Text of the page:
Family Systems

The individual common denominators of someone who was sexually abused are:

  • People pleasing
  • Insomnia
  • Excessive need to control
  • Obsessive compulsive behavior patterns
  • Needy
  • Low self esteem
  • Suicidal
  • Weak boundaries
  • Unhealthy choices in members of the opposite sex
  • Neurotic tendencies
  • Addictions
  • Eating disorders
  • Chronic illness
  • Emotional extremes
  • Severe depression

Now we will look at the family systems that are contained in a child who was sexually abused. This is the forest that your trees, the individual common denominators grew under.

They are: patriarchal (or matriarchal) family system, obedient/co-dependent mother (father), religiously regimented household, eldest daughter (or son), alcoholic (or other addiction) parent and a family history of sexual boundary violators. If any of these fit your family systems you might want to take a closer look at the others. Sometimes it is difficult to define some of these as a negative factor in your life. But they are all unhealthy if not criminal. When I first started recovery I had to admit that my family was built on a patriarchal system. But I didn’t think that was a bad thing. Having lived in a codependent/obedient family system also didn’t seem like a bad thing. Every group needs a leader. What’s wrong with that?

Being from a religiously regimented household was a good thing in my mind. I loved being part of a Catholic family, saying prayers in a semi-circle around my mother as a nightly ritual, midnight Mass at Christmas time and all of the other trappings of my religion. I had even asked my father when I turned thirteen if I could go to a convent. Being a nun was something I had a fervent wish for. When he responded with rage saying I could not do that I was devastated. That was the only thing I wanted with my life. It turned out that he had other plans for me.   A religiously regimented household has rules. It is built on a patriarchal system and being obedient is the first quality required. Child sexual abuse perpetrators look for the most obedient child in the schoolyard. That alone chills me.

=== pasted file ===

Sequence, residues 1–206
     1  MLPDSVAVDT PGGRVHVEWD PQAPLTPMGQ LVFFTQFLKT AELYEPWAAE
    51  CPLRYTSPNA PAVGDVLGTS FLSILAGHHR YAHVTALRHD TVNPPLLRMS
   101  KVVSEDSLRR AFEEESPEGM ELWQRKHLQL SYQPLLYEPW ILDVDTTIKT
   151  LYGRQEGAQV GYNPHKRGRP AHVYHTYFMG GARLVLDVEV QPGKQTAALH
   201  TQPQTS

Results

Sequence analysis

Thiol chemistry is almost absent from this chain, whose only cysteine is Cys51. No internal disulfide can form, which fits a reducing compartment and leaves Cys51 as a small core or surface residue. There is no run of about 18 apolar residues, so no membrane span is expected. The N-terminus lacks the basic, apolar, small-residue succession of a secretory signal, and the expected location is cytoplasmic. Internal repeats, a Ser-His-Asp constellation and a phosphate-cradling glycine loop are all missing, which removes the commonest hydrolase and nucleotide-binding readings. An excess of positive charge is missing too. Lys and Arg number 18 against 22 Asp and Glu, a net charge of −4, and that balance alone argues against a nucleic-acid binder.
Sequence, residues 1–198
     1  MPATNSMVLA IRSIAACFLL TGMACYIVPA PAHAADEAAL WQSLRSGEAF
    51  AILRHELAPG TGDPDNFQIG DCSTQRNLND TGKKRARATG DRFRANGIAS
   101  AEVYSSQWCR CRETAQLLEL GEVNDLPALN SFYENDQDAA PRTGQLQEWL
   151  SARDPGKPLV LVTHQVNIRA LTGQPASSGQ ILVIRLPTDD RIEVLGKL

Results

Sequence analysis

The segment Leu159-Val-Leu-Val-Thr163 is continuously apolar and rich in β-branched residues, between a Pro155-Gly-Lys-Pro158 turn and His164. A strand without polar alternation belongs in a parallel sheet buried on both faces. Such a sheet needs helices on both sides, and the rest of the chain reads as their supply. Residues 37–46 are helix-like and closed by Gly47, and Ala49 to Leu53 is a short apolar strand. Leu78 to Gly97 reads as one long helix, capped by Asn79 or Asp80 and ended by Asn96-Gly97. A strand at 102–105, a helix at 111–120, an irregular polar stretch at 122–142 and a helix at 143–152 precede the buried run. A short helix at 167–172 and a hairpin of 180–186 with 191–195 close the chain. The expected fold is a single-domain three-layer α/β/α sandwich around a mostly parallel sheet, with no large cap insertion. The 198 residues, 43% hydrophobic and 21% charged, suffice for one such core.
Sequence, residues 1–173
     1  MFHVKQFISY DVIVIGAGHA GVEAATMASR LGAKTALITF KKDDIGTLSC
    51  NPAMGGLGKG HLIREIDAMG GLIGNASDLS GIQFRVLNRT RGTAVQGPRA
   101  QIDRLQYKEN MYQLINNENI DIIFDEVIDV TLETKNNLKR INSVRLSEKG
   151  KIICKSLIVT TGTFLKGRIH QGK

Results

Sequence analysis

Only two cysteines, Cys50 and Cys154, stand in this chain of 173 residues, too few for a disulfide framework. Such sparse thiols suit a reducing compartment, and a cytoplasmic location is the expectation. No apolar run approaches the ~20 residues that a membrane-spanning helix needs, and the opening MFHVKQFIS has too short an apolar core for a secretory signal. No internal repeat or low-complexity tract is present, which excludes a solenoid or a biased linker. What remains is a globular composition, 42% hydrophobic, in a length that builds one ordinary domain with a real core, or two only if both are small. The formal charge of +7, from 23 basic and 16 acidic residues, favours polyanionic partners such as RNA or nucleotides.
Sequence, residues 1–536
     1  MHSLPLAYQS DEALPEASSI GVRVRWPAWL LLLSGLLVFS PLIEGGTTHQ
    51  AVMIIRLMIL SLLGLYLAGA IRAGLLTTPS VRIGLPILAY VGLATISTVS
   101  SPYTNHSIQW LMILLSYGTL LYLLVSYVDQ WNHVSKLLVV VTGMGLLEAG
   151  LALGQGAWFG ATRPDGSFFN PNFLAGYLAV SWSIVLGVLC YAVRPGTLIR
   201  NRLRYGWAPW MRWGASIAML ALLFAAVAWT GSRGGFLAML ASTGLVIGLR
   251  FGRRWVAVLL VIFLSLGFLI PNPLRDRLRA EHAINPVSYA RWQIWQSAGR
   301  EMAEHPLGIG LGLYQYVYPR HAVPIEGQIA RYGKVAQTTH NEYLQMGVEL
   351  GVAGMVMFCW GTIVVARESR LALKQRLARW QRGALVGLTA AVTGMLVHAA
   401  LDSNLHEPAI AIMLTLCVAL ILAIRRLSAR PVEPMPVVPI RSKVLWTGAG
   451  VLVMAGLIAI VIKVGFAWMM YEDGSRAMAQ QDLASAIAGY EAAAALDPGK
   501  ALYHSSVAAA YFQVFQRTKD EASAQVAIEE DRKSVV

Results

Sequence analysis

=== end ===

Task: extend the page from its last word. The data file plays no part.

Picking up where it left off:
Being the eldest daughter was a source of pride to me. My parents put me in charge of my baby sister when she was born. I was the first one to learn how to iron, how to clean the house, how to do dishes and so on.  I became a housekeeper at the age of eight, a parent at the age of nine and my father’s mistress at the age of thirteen.

Neither of my parents had any addictions so that was easy to rule out. A family history of sexual boundary violators was definitely not one of my factors, at least that’s what I believed. In time, while in recovery, I delved deeply into my family history. I found out from family members I met at the funeral of my Uncle Vic, that they had a saying about my paternal grandfather. No woman is safe with George Leick. I was stunned and yet my inner voices had warned me years earlier when I was in the same room with this man I had rarely seen that he was evil. My father had been raised by a womanizer. What kind of messages had he received?

As I went deeper and deeper into my family system I began to see the dark side to all of these denominators. The first one to slay was being a part of a patriarchal system. My father had definitely been the ruler and not always a fair one but we knew better than to call him on any of his rulings.  He governed what we wore, how much food we could eat, what our opinions were (he once punished my brother Brain for saying he preferred Chevrolets over Fords – my father was a Ford enthusiast), what kind of books we read and what kind of music we listened to, who was allowed to be our friend and so on. Once I took a strong look at the patriarchal qualities he had in view of how they affected me as an adult I reluctantly had to admit it hadn’t been a good thing. It almost looked like someone squashing a bug.

At first I didn’t  understand what the word “codependent” meant. Then I attended my first Codependents Anonymous meeting with my best friend Peggy. When we left two hours later her first comment was that she thought being a codependent was noble. My comment? How did they find me? So much for it being a good thing to be a codependent.

A healthy family system allows freedom of thought. It encourages you to set your own boundaries. It doesn’t give orders, it makes suggestions. A healthy family system protects the children, provides wise guidance as they travel from birth to leaving home. It prepares their children for the world outside and how to make healthy choices. It provides love and care in a non-judgmental environment. Did your family system do this for you?


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